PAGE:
Occasionally the house darkens when the dryer is turned on.
Your refrigerator makes strange sounds.
"Before the blackouts," Ruiz said, "light bulbs flicker like Christmas lights. They go on and off. And then darkness."
Feds: Bribery scheme raised to 'highest levels'
Former Governor of Puerto Rico Wanda Vázquez leaves court in San Juan after her arrest on bribery charges on August 4, 2022.
The arrest of Vázquez, 62, who was sworn in as the island's top elected official in August 2019 after disgraced former Governor Ricardo Rosselló resigned following mass protests, represented a new low point for a US territory that has a long history of bribery and corruption.
The former attorney general and prosecutor whose job included fighting corruption, Vázquez became the first former governor to face federal charges.
“I am innocent and a great injustice has been done against me,” Vázquez told reporters after his release last week.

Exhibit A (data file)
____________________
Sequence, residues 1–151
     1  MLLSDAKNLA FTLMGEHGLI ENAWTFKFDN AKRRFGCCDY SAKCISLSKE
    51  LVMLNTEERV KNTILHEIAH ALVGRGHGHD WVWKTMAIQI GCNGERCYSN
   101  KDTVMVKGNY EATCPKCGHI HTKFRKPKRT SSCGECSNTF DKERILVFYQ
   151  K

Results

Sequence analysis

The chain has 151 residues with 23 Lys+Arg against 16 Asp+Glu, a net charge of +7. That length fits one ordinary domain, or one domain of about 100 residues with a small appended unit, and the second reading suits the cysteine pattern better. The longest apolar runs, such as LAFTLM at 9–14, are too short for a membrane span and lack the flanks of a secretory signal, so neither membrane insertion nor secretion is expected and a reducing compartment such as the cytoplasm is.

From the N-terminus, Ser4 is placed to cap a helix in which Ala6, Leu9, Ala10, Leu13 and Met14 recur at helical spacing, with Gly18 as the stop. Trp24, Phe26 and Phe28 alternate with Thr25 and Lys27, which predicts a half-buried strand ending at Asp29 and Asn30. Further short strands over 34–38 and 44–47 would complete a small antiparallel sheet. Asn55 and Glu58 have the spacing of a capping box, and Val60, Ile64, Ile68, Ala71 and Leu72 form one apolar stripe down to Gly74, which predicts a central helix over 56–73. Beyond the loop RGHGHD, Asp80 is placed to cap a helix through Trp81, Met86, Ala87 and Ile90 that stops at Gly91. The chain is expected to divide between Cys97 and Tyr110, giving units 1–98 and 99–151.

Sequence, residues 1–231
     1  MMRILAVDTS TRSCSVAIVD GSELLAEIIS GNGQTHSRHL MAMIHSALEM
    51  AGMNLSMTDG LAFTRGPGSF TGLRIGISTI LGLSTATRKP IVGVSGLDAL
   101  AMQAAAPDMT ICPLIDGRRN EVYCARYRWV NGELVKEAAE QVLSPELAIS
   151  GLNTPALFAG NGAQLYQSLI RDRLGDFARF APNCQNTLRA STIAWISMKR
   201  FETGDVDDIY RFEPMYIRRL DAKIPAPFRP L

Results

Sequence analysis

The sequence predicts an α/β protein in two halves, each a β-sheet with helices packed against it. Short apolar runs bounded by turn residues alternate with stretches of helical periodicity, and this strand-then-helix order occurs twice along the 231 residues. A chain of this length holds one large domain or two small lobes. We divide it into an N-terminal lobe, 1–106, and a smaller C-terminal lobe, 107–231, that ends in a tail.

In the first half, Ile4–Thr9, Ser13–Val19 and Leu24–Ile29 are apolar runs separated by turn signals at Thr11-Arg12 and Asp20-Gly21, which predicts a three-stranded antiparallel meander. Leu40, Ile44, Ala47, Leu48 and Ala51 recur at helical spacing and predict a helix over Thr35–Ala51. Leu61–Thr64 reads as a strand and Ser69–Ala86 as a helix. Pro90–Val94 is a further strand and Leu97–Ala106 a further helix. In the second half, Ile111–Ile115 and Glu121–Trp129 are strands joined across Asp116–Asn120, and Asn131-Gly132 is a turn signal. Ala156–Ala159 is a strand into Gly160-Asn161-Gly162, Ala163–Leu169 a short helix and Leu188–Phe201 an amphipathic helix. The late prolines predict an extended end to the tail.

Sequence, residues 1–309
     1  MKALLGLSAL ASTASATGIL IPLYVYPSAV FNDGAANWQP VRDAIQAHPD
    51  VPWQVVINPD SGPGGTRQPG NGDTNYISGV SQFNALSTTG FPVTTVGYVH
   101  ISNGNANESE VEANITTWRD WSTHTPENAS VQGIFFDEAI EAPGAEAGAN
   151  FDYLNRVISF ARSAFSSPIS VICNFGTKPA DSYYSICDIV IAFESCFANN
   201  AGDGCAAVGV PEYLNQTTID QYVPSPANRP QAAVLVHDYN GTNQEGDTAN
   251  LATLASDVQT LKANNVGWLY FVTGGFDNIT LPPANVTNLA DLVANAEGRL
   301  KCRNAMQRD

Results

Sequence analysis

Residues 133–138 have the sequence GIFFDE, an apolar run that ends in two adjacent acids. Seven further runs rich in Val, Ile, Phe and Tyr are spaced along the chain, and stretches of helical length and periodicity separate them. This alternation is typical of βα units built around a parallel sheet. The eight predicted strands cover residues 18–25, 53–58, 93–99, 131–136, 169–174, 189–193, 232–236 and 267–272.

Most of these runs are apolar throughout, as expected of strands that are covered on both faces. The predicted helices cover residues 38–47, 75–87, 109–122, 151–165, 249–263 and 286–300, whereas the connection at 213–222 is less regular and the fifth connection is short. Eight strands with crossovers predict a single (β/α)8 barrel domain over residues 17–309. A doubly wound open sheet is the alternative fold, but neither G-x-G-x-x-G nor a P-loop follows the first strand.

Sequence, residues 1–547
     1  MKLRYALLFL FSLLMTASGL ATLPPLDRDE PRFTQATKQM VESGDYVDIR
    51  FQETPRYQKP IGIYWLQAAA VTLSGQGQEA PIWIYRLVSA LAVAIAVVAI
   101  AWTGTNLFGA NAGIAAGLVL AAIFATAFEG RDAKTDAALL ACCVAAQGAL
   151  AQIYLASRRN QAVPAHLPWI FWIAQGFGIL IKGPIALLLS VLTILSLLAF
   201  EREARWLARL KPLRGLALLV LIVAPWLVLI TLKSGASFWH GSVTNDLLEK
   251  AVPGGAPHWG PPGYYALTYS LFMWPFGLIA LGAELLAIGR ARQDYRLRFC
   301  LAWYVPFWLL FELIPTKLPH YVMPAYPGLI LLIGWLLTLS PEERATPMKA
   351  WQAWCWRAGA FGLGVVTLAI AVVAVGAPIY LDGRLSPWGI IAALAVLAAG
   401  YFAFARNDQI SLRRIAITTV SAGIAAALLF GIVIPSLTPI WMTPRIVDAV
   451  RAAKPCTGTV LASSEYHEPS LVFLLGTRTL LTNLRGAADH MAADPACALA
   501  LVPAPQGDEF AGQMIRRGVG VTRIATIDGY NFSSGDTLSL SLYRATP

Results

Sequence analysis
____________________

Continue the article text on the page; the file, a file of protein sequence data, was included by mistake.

"I have not committed any crime, any irregularity."
From December 2019 to June 2020, the former governor allegedly conspired in a scheme to finance her campaign for governor, according to the Justice Department.
Vázquez allegedly received more than $300,000 from two businessmen to fund political consultants during his campaign, according to Stephen Muldrow, US Attorney for the District of Puerto Rico.
Vazquez and others are charged with conspiracy, bribery of federal programs and honest services wire fraud.
The former governor, who is listed on three of seven counts in an indictment, faces up to 20 years in prison if she is convicted.
"The alleged bribery scheme reached the highest levels of Puerto Rico's government, threatening public confidence in our electoral processes and government institutions," Deputy Attorney General Kenneth A. Polite Jr. said in a statement.
The bribes were allegedly paid in exchange for Vázquez making an appointment with the Office of the Commissioner of Financial Institutions that benefited the businessmen involved in the scheme, Muldrow said.
The indictment alleged that the owner of an international bank and his consultant, a former FBI agent, agreed to provide funds for Vázquez's campaign.
In return, he would replace the island's top banking regulator with one of his choosing.
At the time, the bank was "subject to inspection" by the regulatory agency, federal prosecutors say.
A former political consultant to Vázquez and the president of an international bank have pleaded guilty to participating in the scheme, according to the Justice Department.